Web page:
When we returned to the lab two years later, the researchers had an entirely new project to show us. “Students in this group are very self-directed, we come up with our own projects,” CMU doctoral student Julian Whitman explained. “We’re often inspired by the ability of our hardware to reconfigure into any kind of shapes. Sometimes people will look at a pile of modules. So they’ll build that and very quickly program it to do some kind of interesting behavior, and sometimes that’ll spur an entirely new research direction.”

Whitman’s project fashions the modules into a wearable extra limb. The system, he’s quick to point out, isn’t an exoskeleton. Instead, it’s a robotic arm mounted to a backpack-style support structure. The idea behind the project is to allow wearers to complete jobs that are a bit too complex for just two hands.

“One somewhat common task in automotive assembly or airplane assembly is to hold something up over your head and fix it to the ceiling,” Whitman explained, before demoing the action at a nearby workstation. “So if you’re putting a part on the bottom of a car or on the roof of an airplane, oftentimes in industry, they have to have two people working on this job, one guy is just holding the part up in place, the other one’s fixing it.”

The project currently supports one limb, controlled using a game pad. Whitman explained it’s possible to add as many limbs “as a person can carry,” for a more Dr. Octopus-style approach. But the biggest limitation is how many a wearer can control at a given time.

“Right now I’m controlling it with a button or with voice commands, so you now have two sets of buttons and two sets of voice commands,” Whitman said. “At some point, it becomes harder for the user to control it and becomes less useful, the more arms you add. But in the future we’re hoping to have these arms be more autonomous that have their own perception, their own decision-making processes.”

CMU team develops a robot and drone system for mine rescues

On our final day in Pittsburgh, we find ourself in a decommissioned coal mine. Just northeast of the city proper, Tour-Ed’s owners run field trips and tours during the warmer months, despite the fact that the mine’s innards run a constant 50 degrees or so, year round.

With snow still melted just beyond the entrance, a team of students from Carnegie Mellon and Oregon State University are getting a pair of robots ready for an upcoming competition. The small team is one of a dozen or so currently competing in DARPA’s Subterranean Challenge.

The multi-year SUbT competition is designed to “explore new approaches to rapidly map, navigate, search, and exploit complex underground environments, including human-made tunnel systems, urban underground, and natural cave networks.” In particular, teams are tasked with search and rescue missions in underground structures, ranging from mines to caves to subway stations.

The goal of the $2 million challenge is design a system capable of navigating complex underground terrains, in case of cave-ins or other disasters. The robots are created to go where human rescuers can’t — or, at very least, shouldn’t.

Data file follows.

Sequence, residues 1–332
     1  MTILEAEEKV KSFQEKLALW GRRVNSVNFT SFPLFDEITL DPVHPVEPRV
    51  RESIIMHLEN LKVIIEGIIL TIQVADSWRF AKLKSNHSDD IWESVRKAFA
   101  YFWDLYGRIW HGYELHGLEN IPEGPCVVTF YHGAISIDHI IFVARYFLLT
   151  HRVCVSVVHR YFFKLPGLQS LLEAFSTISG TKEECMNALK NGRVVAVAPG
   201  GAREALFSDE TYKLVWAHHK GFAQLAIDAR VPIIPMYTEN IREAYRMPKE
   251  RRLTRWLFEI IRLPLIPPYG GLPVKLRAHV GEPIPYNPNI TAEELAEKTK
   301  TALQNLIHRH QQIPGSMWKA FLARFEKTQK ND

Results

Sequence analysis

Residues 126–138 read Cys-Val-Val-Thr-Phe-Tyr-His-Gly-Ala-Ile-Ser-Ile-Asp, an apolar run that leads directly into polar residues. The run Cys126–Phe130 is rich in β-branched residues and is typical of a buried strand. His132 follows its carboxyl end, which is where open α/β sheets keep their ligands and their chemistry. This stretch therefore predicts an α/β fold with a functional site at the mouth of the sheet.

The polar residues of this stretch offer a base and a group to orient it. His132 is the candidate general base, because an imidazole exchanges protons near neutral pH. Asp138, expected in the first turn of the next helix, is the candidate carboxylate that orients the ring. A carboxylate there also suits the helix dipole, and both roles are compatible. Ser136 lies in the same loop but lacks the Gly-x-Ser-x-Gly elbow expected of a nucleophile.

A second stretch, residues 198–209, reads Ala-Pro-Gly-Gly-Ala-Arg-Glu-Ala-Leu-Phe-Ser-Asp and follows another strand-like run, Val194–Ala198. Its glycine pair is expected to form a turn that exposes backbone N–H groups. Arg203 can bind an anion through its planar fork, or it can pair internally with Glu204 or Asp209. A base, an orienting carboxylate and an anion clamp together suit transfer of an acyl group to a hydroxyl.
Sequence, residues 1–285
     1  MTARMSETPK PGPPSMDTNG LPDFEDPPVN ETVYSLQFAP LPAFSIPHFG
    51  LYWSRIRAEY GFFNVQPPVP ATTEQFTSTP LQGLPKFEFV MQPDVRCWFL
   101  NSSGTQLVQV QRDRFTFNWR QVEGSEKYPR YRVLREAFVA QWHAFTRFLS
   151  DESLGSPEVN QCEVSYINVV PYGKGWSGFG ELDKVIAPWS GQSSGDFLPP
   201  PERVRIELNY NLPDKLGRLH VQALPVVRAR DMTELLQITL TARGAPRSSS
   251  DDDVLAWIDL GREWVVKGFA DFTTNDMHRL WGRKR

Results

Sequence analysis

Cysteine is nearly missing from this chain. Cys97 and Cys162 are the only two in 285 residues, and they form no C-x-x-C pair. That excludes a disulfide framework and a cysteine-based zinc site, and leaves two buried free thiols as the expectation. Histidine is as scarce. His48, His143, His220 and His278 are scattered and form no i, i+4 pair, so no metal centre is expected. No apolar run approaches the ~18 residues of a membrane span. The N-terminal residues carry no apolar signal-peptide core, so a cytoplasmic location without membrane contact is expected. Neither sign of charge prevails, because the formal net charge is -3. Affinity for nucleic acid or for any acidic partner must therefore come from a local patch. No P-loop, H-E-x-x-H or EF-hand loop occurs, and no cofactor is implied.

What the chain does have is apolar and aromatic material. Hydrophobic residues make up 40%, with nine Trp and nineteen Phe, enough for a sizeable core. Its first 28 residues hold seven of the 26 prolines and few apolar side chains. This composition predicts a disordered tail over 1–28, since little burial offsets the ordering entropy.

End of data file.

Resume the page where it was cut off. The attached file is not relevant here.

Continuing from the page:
The CMU team’s solution features multiple robots, with a foul-wheeled rover and a small, hobbyist style drone taking center state. “Our system consists of ground robots that will be able to track and follow the terrain,” says CMU’s Steve Willits, who serves as an adviser on the project. “We also have an unmanned aerial vehicle consisting of a hexacopter. It’s equipped with all of instrumentation that it will need to explore various area of the mine.”

The rover uses a combination of 3D cameras and LIDAR to navigate and map the environment, while looking for humans amid the rubble. Should it find itself unable to move, due to debris, small passage ways or a manmade obstacle like stairs, the drone is designed to lift off from the rear and continue the search.

All the while, the rover drops ultra rugged WIFI repeaters off its rear like a breadcrumb trail, extending its signal in the process. Most of this is still early stages. While the team was able to demonstrate the rover and drone in action, it still hasn’t mastered a method for getting them to work in tandem.

Testing the robots will begin in September, with the Tunnel Circuit That’s followed in March 2020 by the manmade Urban Circuit and then a Cave Circuit that September. A final event will be held in September 2012.

Nuro CEO Dave Ferguson at TC Sessions: Mobility on July 10 in San Jose

Autonomous delivery startup Nuro, fresh with nearly $1 billion in capital from SoftBank, is bursting with ideas — as some recent patent filings (and our recent deep dive into the company) suggest. And we can’t wait to learn more about what Nuro has planned.

It’s only fitting that Nuro co-founder and CEO Dave Ferguson is our first announced guest for TechCrunch’s inaugural TC Sessions: Mobility, a one-day event on July 10, 2019 in San Jose, Calif., that’s centered around the future of mobility and transportation.

Ferguson has been working on robotics and machine learning for nearly two decades and is an early pioneer of self-driving vehicle technology. He led the planning group for Carnegie Mellon University’s team that won the DARPA Urban Grand Challenge in 2007.

Ferguson holds an MS and PhD in robotics from Carnegie Mellon and a bachelor’s in computer science and mathematics from the University of Otago. He went on to become a senior research scientist at Intel and then developed machine learning trading strategies at Two Sigma, an investment firm.

Ferguson, who has been awarded more than 100 patents, eventually headed to Google’s self-driving program, now known as Waymo, serving as the machine learning and computer vision team lead.

TC Sessions: Mobility will present a day of programming with the best and brightest founders, investors and technologists who are determined to inventing a future Henry Ford might never have imagined. TC Sessions: Mobility aims to do more than highlight the next new thing. We’ll dig into the how and why, the cost and impact to cities, people and companies, as well as the numerous challenges that lie along the way, from technological and regulatory to capital and consumer pressures.